Google Street View Expands Yosemite Map

New 360-degree imagery of park

Oct 21, 2015
Outside Magazine
 Google Street View Expands Yosemite Map

To capture the imagery, the Google team hiked around the park while using a Street View Trekker, a backpack equipped with a camera that takes a photo every 2.5 seconds.    Courtesy of Google Maps Street View

Google Earth expanded its Street View map of Yosemite National Park to include 360-degree imagery of El Capitan Meadow and Bridalveil Fall, among other iconic landmarks, according to Deanna Yick, the program manager of Google Maps Street View.

In June, Google partnered with Yosemite National Park and rock climbers Tommy Caldwell, Alex Honnold, and Lynn Hill to create a map of El Capitan—the first time Street View had been used to map a vertical route. This time, the focus was on areas in the park that could be reached by foot. To capture imagery of the John Muir Trail and Camp 4, the Street View Team and members of the production team at Sender Films—who also worked on the El Capitan project—hiked the park while wearing a Street View Trekker, a backpack equipped with a camera that takes a photo every 2.5 seconds.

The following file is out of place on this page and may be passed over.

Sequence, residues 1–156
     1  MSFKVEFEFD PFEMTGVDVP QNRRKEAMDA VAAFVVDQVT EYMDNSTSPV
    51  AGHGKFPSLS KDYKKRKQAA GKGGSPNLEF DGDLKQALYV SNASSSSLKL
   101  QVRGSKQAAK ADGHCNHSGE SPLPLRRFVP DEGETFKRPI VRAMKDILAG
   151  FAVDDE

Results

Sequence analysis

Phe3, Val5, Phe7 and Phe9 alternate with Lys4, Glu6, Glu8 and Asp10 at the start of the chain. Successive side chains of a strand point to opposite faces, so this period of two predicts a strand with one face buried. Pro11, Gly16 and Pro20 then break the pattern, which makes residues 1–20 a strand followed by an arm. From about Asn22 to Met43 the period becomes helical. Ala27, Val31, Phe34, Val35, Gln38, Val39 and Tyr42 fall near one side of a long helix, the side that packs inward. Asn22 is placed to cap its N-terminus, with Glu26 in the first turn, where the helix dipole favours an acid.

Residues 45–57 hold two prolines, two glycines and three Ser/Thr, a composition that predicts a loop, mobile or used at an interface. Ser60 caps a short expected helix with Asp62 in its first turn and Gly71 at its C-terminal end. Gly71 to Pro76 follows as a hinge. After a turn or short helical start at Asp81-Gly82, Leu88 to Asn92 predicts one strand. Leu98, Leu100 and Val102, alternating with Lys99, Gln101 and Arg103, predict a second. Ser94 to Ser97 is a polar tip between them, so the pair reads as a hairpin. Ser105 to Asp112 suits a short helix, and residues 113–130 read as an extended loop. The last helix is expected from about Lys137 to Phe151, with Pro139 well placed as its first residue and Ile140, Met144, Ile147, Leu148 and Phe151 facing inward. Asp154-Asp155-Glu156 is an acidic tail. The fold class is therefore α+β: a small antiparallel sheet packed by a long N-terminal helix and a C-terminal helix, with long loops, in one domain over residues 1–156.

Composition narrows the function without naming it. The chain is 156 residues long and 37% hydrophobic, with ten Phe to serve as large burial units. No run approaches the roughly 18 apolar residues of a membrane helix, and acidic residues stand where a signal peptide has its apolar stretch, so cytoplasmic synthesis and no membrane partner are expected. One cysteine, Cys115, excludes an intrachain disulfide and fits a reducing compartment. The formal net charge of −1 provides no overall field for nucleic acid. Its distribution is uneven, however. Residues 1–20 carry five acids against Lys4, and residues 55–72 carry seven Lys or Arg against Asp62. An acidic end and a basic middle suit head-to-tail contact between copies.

“This imagery was taken by bringing the Trekker technology to areas that are super popular and that fill the gaps we had in the Yosemite Street View,” said Yick. “Making sure it’s seamless is what enables people to get really an immersive experience.”

The Street View team also received permission from the park service to capture imagery of the Mariposa Grove of Giant Sequoias, which is currently off-limits to park visitors. “It’s not accessible to everyone for preservation reasons, so we worked with the National Park Service to make sure we could provide it online in lieu of seeing it in person,” said Yick.

With the upcoming National Park Service centennial next year, Yick said that the Street View team hopes to continue bringing Street View to the country's parks and trails. “We’re super aware of the centennial and are constantly working with the park service to see where Street View can go next and [what it can] bring online.”